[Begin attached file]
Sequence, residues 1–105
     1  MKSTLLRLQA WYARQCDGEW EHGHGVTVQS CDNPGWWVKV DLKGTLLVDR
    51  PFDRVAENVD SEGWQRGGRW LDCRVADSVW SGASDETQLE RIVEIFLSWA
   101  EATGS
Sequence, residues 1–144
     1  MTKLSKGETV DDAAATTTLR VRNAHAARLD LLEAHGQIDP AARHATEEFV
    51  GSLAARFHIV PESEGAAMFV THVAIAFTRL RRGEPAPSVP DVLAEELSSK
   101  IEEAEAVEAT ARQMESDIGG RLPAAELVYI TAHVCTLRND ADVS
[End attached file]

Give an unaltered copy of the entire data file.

Sequence, residues 1–105
     1  MKSTLLRLQA WYARQCDGEW EHGHGVTVQS CDNPGWWVKV DLKGTLLVDR
    51  PFDRVAENVD SEGWQRGGRW LDCRVADSVW SGASDETQLE RIVEIFLSWA
   101  EATGS
Sequence, residues 1–144
     1  MTKLSKGETV DDAAATTTLR VRNAHAARLD LLEAHGQIDP AARHATEEFV
    51  GSLAARFHIV PESEGAAMFV THVAIAFTRL RRGEPAPSVP DVLAEELSSK
   101  IEEAEAVEAT ARQMESDIGG RLPAAELVYI TAHVCTLRND ADVS